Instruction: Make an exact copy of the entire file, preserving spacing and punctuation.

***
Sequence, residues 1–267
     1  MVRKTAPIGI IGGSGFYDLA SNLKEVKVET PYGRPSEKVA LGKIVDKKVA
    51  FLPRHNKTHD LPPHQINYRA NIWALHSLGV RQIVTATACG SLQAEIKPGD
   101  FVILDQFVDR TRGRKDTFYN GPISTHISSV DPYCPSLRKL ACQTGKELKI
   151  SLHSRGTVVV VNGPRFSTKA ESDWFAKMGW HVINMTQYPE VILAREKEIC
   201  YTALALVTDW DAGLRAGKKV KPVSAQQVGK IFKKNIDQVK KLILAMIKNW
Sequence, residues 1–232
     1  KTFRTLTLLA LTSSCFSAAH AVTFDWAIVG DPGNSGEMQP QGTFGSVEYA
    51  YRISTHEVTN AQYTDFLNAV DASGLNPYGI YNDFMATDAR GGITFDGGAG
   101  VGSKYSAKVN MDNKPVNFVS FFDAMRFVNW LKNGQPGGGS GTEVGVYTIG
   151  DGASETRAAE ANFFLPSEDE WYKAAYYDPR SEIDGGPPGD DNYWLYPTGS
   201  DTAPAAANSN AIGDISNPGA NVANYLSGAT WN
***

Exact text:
Sequence, residues 1–267
     1  MVRKTAPIGI IGGSGFYDLA SNLKEVKVET PYGRPSEKVA LGKIVDKKVA
    51  FLPRHNKTHD LPPHQINYRA NIWALHSLGV RQIVTATACG SLQAEIKPGD
   101  FVILDQFVDR TRGRKDTFYN GPISTHISSV DPYCPSLRKL ACQTGKELKI
   151  SLHSRGTVVV VNGPRFSTKA ESDWFAKMGW HVINMTQYPE VILAREKEIC
   201  YTALALVTDW DAGLRAGKKV KPVSAQQVGK IFKKNIDQVK KLILAMIKNW
Sequence, residues 1–232
     1  KTFRTLTLLA LTSSCFSAAH AVTFDWAIVG DPGNSGEMQP QGTFGSVEYA
    51  YRISTHEVTN AQYTDFLNAV DASGLNPYGI YNDFMATDAR GGITFDGGAG
   101  VGSKYSAKVN MDNKPVNFVS FFDAMRFVNW LKNGQPGGGS GTEVGVYTIG
   151  DGASETRAAE ANFFLPSEDE WYKAAYYDPR SEIDGGPPGD DNYWLYPTGS
   201  DTAPAAANSN AIGDISNPGA NVANYLSGAT WN